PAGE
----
In 1987, the Cooper River Bridge Run was 10 years old, radio station WTMA switched from "classic rock, roll and soul" to country, and Charleston Mayor Joe Riley was elected to his fourth four-year term.

Late that year or early the next, in the crowded Leeds Avenue building that housed the John Ancrum SPCA, a dog named Chichi caught the eye of Charlestonian Frances Hutson, who was looking for a companion for her mother, Laura Frost.

"I took one look at him and said, 'That's it,' " Hutson said. "Look at him. How could anyone leave him?"

At the time, Chichi was thought to be at least 2 years old. That means he's now somewhere around 24.

Now owned by Frank Pavich, 37, of New York City and recently determined by a blood test to be a full miniature poodle, Uncle Chichi is gaining national attention as possibly the Oldest Dog in the World.

After a story about him ran in The New York Times in July, Chichi was invited to make an appearance on "Good Morning America," where Pavich mentioned that the pooch eats a diet of Halo Spot's Stew. When the dog food company, which is co-owned by celebrity Ellen Degeneres, heard about it, they donated 10,000 meals from the Halo line to the shelter of Pavich's choice.

Of course, that was the John Ancrum SPCA, which in 2007 was renamed the Charleston Animal Society and two years ago moved to a new facility at 2455 Remount Road, North Charleston.

Pavich and Hutson brought Chichi "home" to the shelter on Tuesday for the delivery of the food and the presentation of a "Top Dog" medal from the folks at the society.

But it's not clear whether Chichi is indeed the oldest dog in the world.

When asked who had declared him that, Heather Greenfield, a spokesman for Halo dog food's public relations company, asked, "Do you know of one that's older?"

According to the 2010 Guinness World Records, the title belonged to Otto, a Dachshund-terrier mix from England who died in January.

A Website called www.weirdasianews.com reported on June 10 that Pu (short for Pusuke), 25, of Sakura, Japan, may be recognized in the 2011 Guinness book as the oldest dog. According to a newspaper there, Pu was born in March 1985, and it can be proved via a registry that tracks local pets' births and deaths.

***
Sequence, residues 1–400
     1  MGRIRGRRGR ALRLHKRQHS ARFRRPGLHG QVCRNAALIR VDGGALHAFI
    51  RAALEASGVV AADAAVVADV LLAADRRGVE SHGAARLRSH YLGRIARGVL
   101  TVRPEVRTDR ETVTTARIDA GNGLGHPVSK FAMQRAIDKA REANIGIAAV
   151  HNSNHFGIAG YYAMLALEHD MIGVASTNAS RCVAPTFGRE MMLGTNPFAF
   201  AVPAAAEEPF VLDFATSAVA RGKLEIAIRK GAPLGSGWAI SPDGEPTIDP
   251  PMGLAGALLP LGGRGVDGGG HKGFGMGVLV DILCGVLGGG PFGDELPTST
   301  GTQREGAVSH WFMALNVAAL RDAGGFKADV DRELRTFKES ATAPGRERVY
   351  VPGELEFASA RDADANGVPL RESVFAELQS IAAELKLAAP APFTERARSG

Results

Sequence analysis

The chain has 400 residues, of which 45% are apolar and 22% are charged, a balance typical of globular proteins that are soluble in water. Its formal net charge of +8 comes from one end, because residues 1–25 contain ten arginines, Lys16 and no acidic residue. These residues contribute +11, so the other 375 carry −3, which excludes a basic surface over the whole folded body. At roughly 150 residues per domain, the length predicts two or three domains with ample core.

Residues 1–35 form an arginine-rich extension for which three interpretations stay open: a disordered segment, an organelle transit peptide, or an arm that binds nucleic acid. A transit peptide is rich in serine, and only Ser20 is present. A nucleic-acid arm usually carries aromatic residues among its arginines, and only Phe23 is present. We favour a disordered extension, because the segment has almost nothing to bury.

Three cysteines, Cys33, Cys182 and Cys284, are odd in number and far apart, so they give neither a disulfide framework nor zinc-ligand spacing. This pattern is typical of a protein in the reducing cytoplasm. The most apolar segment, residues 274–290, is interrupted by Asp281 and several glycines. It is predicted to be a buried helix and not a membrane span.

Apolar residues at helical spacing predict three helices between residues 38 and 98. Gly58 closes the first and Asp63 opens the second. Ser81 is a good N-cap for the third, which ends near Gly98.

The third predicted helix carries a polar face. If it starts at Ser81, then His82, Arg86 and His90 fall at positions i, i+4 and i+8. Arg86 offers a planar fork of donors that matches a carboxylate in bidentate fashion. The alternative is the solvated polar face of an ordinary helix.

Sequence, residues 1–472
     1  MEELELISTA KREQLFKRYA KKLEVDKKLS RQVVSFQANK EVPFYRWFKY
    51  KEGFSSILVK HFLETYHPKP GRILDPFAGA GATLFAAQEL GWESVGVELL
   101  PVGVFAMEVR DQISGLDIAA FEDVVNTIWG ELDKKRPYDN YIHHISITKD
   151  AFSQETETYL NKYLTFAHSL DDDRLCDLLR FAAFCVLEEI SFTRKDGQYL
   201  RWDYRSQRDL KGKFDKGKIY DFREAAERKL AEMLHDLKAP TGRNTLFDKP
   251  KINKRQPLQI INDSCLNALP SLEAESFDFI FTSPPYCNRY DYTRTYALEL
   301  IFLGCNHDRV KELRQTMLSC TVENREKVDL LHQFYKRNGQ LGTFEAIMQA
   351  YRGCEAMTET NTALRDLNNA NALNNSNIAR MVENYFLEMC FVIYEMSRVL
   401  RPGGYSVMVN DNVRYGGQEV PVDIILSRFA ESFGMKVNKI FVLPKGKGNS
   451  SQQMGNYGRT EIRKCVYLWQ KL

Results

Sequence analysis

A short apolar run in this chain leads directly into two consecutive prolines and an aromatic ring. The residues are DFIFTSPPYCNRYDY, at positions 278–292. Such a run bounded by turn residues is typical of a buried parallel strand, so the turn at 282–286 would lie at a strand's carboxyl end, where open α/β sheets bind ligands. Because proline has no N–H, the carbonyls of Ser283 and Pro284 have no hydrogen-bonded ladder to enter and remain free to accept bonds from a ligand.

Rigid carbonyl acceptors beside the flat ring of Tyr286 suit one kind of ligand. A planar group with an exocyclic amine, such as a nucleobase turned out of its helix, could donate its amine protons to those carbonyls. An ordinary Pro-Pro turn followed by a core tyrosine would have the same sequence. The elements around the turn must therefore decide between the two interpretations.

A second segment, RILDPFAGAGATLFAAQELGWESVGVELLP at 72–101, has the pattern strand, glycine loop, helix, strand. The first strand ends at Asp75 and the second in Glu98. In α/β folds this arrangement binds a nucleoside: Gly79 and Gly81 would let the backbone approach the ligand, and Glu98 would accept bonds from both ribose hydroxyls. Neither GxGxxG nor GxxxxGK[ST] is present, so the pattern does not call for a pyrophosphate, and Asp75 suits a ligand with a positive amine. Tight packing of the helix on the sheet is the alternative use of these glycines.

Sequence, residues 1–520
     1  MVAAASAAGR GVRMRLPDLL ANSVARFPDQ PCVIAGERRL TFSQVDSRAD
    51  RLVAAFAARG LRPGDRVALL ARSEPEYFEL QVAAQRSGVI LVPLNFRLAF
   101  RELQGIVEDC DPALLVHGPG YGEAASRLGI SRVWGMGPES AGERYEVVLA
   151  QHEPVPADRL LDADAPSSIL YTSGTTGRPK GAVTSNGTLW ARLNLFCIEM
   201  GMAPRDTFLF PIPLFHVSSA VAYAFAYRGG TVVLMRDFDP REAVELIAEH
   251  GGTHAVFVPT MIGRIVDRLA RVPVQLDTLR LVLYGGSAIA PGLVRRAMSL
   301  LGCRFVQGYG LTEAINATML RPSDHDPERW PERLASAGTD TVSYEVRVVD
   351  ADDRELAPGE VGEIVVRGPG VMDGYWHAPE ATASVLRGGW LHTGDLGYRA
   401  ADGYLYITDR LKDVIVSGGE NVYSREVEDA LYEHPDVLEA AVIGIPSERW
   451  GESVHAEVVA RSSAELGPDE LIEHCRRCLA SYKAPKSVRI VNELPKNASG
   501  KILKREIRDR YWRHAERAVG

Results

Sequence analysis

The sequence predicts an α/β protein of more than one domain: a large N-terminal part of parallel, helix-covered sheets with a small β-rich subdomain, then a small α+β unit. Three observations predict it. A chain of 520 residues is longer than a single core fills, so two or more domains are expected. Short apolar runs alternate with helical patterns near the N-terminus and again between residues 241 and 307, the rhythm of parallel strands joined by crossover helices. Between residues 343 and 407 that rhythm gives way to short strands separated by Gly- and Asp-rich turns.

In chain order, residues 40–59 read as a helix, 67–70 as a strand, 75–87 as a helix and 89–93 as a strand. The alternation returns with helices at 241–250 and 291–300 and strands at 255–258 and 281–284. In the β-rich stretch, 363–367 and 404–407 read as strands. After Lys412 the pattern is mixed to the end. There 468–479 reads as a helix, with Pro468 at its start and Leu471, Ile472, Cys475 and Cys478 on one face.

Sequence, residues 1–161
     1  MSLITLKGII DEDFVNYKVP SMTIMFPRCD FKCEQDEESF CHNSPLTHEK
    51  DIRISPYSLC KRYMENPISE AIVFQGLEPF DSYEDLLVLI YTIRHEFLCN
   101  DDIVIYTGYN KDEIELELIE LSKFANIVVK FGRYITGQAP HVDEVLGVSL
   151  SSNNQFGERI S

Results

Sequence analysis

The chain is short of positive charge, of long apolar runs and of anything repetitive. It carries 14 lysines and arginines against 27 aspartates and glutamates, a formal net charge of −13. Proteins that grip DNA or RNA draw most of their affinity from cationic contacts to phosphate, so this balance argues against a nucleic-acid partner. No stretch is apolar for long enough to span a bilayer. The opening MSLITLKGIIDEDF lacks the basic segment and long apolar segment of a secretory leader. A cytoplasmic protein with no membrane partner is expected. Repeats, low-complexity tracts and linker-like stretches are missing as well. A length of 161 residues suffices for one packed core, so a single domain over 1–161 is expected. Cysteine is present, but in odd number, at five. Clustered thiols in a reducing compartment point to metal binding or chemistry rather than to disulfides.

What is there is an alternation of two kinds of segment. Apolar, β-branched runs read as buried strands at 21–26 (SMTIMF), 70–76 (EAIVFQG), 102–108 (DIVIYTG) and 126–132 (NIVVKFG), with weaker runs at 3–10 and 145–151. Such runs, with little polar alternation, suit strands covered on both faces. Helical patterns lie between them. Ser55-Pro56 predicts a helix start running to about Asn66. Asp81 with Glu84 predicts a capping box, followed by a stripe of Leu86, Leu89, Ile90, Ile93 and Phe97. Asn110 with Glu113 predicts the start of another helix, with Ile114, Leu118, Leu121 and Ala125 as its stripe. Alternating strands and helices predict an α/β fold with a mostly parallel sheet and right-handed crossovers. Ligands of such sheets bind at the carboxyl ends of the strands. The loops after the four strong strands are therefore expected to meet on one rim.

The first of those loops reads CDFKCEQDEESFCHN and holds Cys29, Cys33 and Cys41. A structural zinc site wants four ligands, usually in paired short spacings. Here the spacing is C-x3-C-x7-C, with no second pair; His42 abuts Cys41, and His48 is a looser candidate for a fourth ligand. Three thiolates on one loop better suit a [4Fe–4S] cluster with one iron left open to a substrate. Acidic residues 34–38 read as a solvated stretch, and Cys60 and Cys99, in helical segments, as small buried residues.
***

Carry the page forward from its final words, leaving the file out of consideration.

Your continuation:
There is no paperwork to support Chichi's claim.

"Unfortunately, when we moved, we shredded any paperwork that was over 10 years old," said Animal Society spokeswoman Kay Hyman, who didn't work for the society when Chichi was adopted.

"His early life is shrouded in mystery," Pavich said.

Chichi's history is an oral one, left up to Hutson. She knows she adopted Chichi about a year before her mother became bedridden and unable to care for him.

The dog then went to live with Hutson's niece, Jane Maybank Grigorieff. That's when he picked up the moniker "Uncle."

"My brother reasoned that he was my grandmother's child, so he was my uncle," she said. She kept him for several years, but when he growled at her new baby in 1996 during a trip to Los Angeles, she gave the dog to family friend Pavich.

"Chichi was a little guy with a big personality," she said. "I knew Frankie would be wonderful with him."

Pavich now lives in New York with his new wife, Janet Puhalovic. The couple are taking Chichi to Croatia with them in a few weeks for their big family wedding.

"He rules the house with an iron paw," said Pavich, a television producer who often takes Uncle Chichi to work with him.

Now blind and nearly deaf, Chichi has weathered some life-threatening illnesses but manages to survive.

"He goes up and down," Pavich said. "He got sick a few months ago and we almost lost him, but since then he's been stronger than ever."

Poodles are "genetically predisposed to be long-lived," Hyman said. According to dogbreedinfo.com, poodles usually live 12 to 15 years. They are also described as "an intelligent, joyful, companion dog" and easily trainable.

Pavich said he has not tried to teach his old dog any new tricks, but the pooch used to play fetch for hours on end and still musters the energy to play with toys from time to time.

"He used to sit on command, but that was about it," he said. "And he doesn't do that anymore."

Instead, Uncle Chichi is carried most places in a canvas shoulder bag.

"It's a dog's life," Pavich said.